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Price fixing - Watches

The Internet is becoming more and more an excellent source of information. Unfortunately not many know how to use it or how to use it to its full potential.

Many forums have a commercial reason to be there. Most want to make money and to promote a product. The same, regrettably so, applies to watch magazines. When was the last time that you read that ANOTHER watch brand was not as good as JOHNSMITH brand?

I placed a question recently in a forum in Italy about price fixing at auctions. Replies came back to the tone “of course, where have you been”?

I knew that Swatch pumped up their prices back in the mid 70s to promote their products but I was not aware that brands like Rolex and Omega had the same followings. It seems that in the next auctions to come up next summer, a few individuals will bid against each other to increase prices on vintage Rolex watches. As these characters have a large stock of vintage Rolex watches, they will gain a lot money by using such tactics (unfair as they may appear to be).

Rolex, of course, by making scarce the supply of models like the Daytona steel and the Sea-Dweller are fuelling demands and many dealers around the world that will profit on these and other models. It is in fact the Professional series of watches that is keeping the Rolex name afloat giving it a certain importance and keeping prices high. Should we look at the other range of Rolex models we soon realize that prices can fall as much as 60% in just a few years (not such a good investment after all as we are led to believe).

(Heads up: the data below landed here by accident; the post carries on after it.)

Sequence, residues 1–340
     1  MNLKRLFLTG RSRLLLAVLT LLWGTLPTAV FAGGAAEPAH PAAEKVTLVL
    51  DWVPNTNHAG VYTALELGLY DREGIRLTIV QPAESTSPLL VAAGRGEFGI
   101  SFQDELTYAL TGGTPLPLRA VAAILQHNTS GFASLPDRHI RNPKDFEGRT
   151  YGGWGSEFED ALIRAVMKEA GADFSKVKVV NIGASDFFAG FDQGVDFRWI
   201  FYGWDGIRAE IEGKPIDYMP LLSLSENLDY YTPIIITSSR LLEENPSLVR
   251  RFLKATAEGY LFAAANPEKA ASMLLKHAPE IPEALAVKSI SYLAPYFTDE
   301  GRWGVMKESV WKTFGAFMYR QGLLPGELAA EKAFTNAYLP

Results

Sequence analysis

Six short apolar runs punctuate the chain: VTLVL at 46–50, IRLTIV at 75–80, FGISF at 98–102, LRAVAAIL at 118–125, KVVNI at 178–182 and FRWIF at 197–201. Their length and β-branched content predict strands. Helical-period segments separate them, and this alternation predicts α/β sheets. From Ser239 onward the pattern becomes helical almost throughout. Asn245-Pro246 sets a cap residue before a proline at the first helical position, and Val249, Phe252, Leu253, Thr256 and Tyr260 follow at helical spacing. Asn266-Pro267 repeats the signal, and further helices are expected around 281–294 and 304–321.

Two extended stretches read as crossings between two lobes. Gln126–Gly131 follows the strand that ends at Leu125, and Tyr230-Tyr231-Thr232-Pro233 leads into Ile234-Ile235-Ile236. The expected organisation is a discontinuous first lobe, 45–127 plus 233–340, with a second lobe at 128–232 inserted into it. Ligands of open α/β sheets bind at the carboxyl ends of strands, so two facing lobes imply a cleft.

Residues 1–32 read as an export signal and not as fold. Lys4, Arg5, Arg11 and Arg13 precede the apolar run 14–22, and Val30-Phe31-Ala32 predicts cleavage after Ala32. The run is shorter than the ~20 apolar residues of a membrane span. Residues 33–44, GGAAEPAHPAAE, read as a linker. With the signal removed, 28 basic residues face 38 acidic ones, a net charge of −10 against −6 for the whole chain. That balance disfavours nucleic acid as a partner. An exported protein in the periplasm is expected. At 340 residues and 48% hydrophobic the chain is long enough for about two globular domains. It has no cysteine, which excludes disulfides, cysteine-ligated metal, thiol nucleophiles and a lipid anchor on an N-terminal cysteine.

My comments are not unique any more, as often similar one can be found on many forums. Knowledge and curiosity is pushing many readers to seek for the truth.

A buyer was recently shocked to finding out that Rolex had paid £100,000 to sponsor a celebrity. For this reason he refused to buy a Rolex watch. What should the public say about Tag-Heuer that have paid $ millions to Tiger Woods (and a long list of others)?

My teacher used to tell me “don’t cheat as the knots will come to the surface”. With a production of over 800,000 pieces per annum and average prices of around £3,500 a piece, Rolex watches are a good business for many and for these people it is important to keep a myth well alive. Unfortunately the myth is proving to be not so convincing any more as we cannot trust the word of a few experts that cannot come up with evidence.